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The importance of alpha- and beta testing prior to software release

Kirjoittanut: Sanni Salokangas - tiimistä Ei tiimiä.

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Esseen arvioitu lukuaika on 3 minuuttia.

Prior to launching a software, it must go under major stress where the software is tested from all possible angles. The developer team needs to make sure that every technical detail is working properly, and the model runs smoothly. A software launched to the public too quickly and not meeting the audience’s expectations, faces bugs and glitches or just isn’t what was promised, will the product owner meets major repercussions. Therefore, the operating system needs to go under loads of testing, including alpha and beta testing. These processes prepare the software for external use, successfully. This article has been written with the help of OpenAI’s feature ChatGPT.


What is alpha testing?

Alpha testing is usually the first stage of software testing. It’s typically done within the organisation and by the development team or specialised testing team. In alpha phase, testing is done in controlled environment, often in a lab or development environment. It aims to find any issues with the software, including crashes, compatibility issues and bugs with different systems like APIs, for example. The primary goal of alpha testing is to identify issues and fix them prior to moving to the next testing phase that is beta testing.


Why is this phase necessary?

Alpha testing has many advantages to it. It’s usually crucial in a software’s lifespan and to make sure the release of the software goes smoothly. To start off, alpha phase enables developers or testers to identify and fix issues in an early stage of the software’s life. Quick iteration and problem-solving saves the company huge amounts of money as problems are detected before using more of the company’s assets like cash or workforce. In addition, testing done in-house is cost-effective.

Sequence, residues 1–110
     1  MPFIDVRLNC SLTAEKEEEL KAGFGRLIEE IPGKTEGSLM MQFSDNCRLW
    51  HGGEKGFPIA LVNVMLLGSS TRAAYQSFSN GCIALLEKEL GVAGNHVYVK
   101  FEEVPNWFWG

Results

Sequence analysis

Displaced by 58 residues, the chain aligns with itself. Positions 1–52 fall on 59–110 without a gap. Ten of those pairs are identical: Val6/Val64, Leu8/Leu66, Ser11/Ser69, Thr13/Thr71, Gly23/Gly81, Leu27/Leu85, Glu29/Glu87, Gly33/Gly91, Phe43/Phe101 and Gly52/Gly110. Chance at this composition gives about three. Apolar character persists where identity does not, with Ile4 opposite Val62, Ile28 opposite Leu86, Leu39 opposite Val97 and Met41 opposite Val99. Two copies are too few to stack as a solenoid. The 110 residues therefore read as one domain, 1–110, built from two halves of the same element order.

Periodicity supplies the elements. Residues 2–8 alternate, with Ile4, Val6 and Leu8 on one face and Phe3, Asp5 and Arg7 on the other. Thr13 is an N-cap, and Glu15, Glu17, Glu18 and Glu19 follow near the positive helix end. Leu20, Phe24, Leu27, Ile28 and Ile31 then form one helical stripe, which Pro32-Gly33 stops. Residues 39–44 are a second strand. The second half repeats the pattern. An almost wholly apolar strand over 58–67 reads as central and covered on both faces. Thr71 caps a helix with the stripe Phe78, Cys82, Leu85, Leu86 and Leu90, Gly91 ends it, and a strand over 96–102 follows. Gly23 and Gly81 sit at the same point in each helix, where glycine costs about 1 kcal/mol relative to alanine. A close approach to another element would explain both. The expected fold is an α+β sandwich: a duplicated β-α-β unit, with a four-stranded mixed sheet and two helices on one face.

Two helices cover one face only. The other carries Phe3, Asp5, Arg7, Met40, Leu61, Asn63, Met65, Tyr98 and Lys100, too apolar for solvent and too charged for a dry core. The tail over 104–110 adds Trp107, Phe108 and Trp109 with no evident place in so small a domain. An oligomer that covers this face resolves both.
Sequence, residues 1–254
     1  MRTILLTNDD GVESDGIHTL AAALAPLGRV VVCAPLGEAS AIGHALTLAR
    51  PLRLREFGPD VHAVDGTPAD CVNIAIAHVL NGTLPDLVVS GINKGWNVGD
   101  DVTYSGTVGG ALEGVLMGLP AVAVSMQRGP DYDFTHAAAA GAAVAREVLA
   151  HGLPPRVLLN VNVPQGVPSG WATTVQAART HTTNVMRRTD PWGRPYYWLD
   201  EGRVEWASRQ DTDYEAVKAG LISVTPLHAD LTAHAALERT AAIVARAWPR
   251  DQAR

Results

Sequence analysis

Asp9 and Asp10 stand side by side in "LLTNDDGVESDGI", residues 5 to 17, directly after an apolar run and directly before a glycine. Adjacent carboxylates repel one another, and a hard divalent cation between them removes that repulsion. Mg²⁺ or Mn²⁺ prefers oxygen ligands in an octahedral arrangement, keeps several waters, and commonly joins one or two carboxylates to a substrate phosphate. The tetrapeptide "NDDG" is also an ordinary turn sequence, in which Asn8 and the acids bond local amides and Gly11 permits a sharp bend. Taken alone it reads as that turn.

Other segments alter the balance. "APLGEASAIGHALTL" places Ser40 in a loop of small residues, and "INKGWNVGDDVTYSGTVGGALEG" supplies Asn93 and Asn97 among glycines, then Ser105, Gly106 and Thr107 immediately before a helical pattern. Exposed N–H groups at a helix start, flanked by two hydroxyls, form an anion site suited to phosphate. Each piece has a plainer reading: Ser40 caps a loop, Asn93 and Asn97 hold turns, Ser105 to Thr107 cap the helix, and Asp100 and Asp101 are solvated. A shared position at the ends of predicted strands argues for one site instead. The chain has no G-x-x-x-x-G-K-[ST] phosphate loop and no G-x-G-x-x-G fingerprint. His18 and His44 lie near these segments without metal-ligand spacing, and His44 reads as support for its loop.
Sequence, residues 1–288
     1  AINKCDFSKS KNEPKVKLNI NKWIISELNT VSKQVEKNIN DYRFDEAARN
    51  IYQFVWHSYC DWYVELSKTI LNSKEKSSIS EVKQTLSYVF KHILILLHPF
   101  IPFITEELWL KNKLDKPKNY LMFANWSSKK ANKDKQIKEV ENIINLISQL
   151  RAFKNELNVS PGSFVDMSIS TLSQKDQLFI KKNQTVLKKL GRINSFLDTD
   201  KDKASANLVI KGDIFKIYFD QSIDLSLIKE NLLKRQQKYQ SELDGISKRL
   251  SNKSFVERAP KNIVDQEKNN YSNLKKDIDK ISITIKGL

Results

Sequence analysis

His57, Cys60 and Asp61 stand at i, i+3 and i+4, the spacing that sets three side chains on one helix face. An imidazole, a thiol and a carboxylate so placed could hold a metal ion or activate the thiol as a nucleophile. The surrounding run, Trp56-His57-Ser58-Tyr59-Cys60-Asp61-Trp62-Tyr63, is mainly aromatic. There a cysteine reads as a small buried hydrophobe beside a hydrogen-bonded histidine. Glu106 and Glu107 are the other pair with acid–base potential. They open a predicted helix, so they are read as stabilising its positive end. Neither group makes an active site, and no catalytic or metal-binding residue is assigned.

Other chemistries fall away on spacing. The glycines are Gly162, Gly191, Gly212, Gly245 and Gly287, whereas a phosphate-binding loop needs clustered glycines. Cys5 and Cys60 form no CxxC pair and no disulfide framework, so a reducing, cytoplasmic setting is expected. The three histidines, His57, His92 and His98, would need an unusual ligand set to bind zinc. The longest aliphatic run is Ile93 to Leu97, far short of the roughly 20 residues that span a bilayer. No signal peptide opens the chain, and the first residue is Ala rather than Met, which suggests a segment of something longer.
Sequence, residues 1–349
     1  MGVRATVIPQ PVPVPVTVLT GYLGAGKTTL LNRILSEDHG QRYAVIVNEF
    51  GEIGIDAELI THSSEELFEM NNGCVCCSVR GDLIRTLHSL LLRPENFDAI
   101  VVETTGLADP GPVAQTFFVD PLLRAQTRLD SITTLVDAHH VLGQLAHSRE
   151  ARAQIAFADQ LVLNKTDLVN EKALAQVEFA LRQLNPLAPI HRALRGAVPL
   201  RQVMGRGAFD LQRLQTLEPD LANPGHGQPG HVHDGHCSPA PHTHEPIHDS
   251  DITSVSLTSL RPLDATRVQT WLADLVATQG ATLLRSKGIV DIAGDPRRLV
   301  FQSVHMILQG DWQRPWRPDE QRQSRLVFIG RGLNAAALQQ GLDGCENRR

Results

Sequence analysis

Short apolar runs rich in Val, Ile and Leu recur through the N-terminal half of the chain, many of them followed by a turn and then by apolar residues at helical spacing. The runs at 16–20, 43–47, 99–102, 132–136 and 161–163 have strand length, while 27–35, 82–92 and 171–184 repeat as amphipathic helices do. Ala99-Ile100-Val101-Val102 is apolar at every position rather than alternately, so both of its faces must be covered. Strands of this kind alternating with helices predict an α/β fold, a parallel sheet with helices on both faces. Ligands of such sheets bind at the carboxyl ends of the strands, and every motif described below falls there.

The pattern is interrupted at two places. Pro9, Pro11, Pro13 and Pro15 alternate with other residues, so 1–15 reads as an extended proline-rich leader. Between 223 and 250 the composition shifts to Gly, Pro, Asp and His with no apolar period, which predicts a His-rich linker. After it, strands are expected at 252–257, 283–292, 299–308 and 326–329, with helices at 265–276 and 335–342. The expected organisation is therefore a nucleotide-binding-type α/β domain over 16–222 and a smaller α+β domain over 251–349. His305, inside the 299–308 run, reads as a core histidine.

Secondly, feedback from users within the organisation helps to enhance the product’s quality and ways it meets intended audience’s needs. On top of this, when alpha testing is done in controlled environment, potential issues, bugs or interfacing problems are detected before they cause any harm. Devs can also simulate multiple scenarios to prepare for any issues faced in beta testing phase.


What is beta testing?

Next testing phase to make sure the software runs properly, is the beta testing. In this phase, the software is released to a larger group of testers outside of the development team. This is when the product is tested in real-world environment for the first time. The users can come within the organisation or outside of it, but main point is usually to test how the software works in their lives, from the user’s own device. Beta testing aims to identify the remaining issues that weren’t possible to detect during alpha and to gather more feedback from a broader range of users.

Beta testing allows for a more realistic assessment of the software’s performance and usability. Therefore, it may improve user engagement and the overall satisfaction of the product prior to the official release. The testing can be conducted in a closed or open format, whereas closed format includes a specific group of users and open format is available to the public.


Benefits of beta testing

Like said, testing the software in real world environment provides an opportunity to identify and fix al the remaining issues and bugs that were not detected in previous testing round. Furthermore, what separates good software from an average one is how it replies to feedback. Beta testing allows developers to gather crucial feedback that may end up being the factor whether the software will see success or not.

Another benefit is the enhanced user engagement: Consumers can give feedback but also suggest new features and share their experience with the software. This creates a sense of community and in addition, is more cost-efficient than a dedicated testing team. Most importantly, well-done beta testing might give a competitive edge as the consumer’s needs are discovered, tried and tested. This way the product is more reliable, user-friendly and free of issues resulting in customer satisfaction and better engagement.


To conclude, a software company should never skip the testing part prior to software or feature launch. To prioritise customer satisfaction is to test and drive the product, receive and take feedback to practice and to make sure that the software runs smoothly.

Sanni Salokangas and Ms. ChatGPT

See my trashy blog sannisalokangas.com

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